Expert seeks urgent repair of faulty radars in Nigeria

  Lagos- Nigeria (PANA) -- A Nigerian aviation expert has advocated the urgent repair of faulty radars at the nation's airports as part of efforts to stem the spate of air accidents in the country.
   Jerry Agbeyegbe, Secretary General of the non-governmental organisation Nigerian Aviation Safety Initiative (NASI), told PANA in Lagos Thursday the absence of functional radars at the airports, especially in Kano and Zaria both in the north, and Port Harcourt in the south-east, affects security and makes flying unsafe.
   Only two of the more than 20 airports in Nigeria are reported to have working radars.
   Agbeyegbe, an airline captain, was speaking a day after a Yugoslav-made LET 410 aircraft operated by the private Sky Executive Airlines crashed in Nigeria's south-eastern State of Akwa Ibom, killing all five people on board.
   The accident was the third air mishap recorded in the country in the past three weeks, and the second fatal crash after a BAC 1-11 plane operated by another private EAS Airlines crashed in the northern city of Kano, killing 148 people.
Another crash was averted at the same Kano Airport days later.
   The accidents have raised safety concerns in the country's aviation industry, especially the effectiveness of agencies which have oversight responsibilities on the sector, as well as the maintenance of aircraft being used for domestic operations and the provision of navigational and communication facilities at the airports.
   They have also prompted the Aviation Ministry to impose stringent measures on domestic airline operators, including the suspension of BAC 1-11 planes from the country's airspace and enforcement of an earlier ban on aircraft that are older than 22 years.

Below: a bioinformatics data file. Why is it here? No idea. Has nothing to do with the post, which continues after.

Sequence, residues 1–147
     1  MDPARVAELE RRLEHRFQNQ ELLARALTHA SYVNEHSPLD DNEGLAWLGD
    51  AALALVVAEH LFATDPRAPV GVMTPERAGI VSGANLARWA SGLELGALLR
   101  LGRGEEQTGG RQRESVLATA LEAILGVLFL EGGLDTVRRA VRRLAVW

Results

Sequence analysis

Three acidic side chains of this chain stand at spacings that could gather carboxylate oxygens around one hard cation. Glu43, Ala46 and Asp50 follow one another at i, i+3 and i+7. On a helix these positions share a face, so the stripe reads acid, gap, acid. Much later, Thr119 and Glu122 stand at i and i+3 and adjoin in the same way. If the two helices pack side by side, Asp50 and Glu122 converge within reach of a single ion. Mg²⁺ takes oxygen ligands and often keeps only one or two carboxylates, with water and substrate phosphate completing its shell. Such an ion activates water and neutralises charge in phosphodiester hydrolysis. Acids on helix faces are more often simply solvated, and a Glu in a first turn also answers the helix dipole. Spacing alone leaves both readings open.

Agbeyegbe expressed surprise that the radars, especially those in airports with high traffic, had been left unrepaired for a long time.
   "One is surprised that nothing has been done about them till today," he said, referring to the radar situation in the airports in general, and in Kano, Zaria and Port Harcourt in particular.
   He said the radar in Port Harcourt "needs to be fixed as soon as possible" because the situation posed serious danger considering the high volume of air traffic in the Niger Delta, hub of the country's oil operations.
   "A lot of traffic criss-crossing the Nigerian airspace from Central, Eastern and Southern Africa, pass through the Port Harcourt area to Lagos or Kano," the NASI official said.
   But Agbeyegbe said the problem with Nigeria's aviation industry goes beyond radar.
   "We make money out of aviation, but we are not putting it back.
Airlines pay taxes but do not get returns in terms of quality service from air traffic control," he charged.
   The Nigeria Airspace Management Agency (NAMA) estimates that it would cost about 70 million dollars to achieve total radar coverage of the nation's airspace.

23 may 2002 17:13:00




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